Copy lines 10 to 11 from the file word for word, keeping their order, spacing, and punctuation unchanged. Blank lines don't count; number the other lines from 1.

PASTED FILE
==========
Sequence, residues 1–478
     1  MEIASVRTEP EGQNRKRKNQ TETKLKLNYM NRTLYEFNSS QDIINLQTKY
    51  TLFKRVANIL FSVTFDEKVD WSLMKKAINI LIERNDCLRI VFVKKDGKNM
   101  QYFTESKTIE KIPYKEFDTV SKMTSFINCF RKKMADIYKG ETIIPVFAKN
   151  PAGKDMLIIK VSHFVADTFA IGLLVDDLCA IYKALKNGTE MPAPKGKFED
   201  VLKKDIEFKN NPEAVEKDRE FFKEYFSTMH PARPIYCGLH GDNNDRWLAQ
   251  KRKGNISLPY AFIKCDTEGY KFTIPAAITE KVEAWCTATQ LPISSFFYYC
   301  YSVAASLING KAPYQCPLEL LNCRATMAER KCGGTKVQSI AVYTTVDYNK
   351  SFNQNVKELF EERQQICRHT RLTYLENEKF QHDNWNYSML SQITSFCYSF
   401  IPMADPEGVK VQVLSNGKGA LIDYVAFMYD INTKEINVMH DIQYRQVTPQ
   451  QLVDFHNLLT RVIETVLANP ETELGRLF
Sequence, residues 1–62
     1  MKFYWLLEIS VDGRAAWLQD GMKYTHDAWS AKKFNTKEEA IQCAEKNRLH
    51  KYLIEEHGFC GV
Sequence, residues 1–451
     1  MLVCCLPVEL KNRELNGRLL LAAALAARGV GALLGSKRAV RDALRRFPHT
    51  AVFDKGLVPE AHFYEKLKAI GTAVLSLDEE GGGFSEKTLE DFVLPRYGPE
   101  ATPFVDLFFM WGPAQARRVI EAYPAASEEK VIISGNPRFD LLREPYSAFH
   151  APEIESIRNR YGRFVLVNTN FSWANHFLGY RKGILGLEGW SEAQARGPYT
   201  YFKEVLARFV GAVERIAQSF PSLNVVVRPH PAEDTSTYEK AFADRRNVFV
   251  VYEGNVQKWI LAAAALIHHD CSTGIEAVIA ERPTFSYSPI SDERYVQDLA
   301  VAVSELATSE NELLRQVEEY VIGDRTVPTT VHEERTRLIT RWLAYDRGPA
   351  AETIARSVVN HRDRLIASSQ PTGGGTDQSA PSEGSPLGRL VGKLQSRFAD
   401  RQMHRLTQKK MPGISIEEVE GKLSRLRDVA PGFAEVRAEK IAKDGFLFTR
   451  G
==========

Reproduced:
   401  IPMADPEGVK VQVLSNGKGA LIDYVAFMYD INTKEINVMH DIQYRQVTPQ
   451  QLVDFHNLLT RVIETVLANP ETELGRLF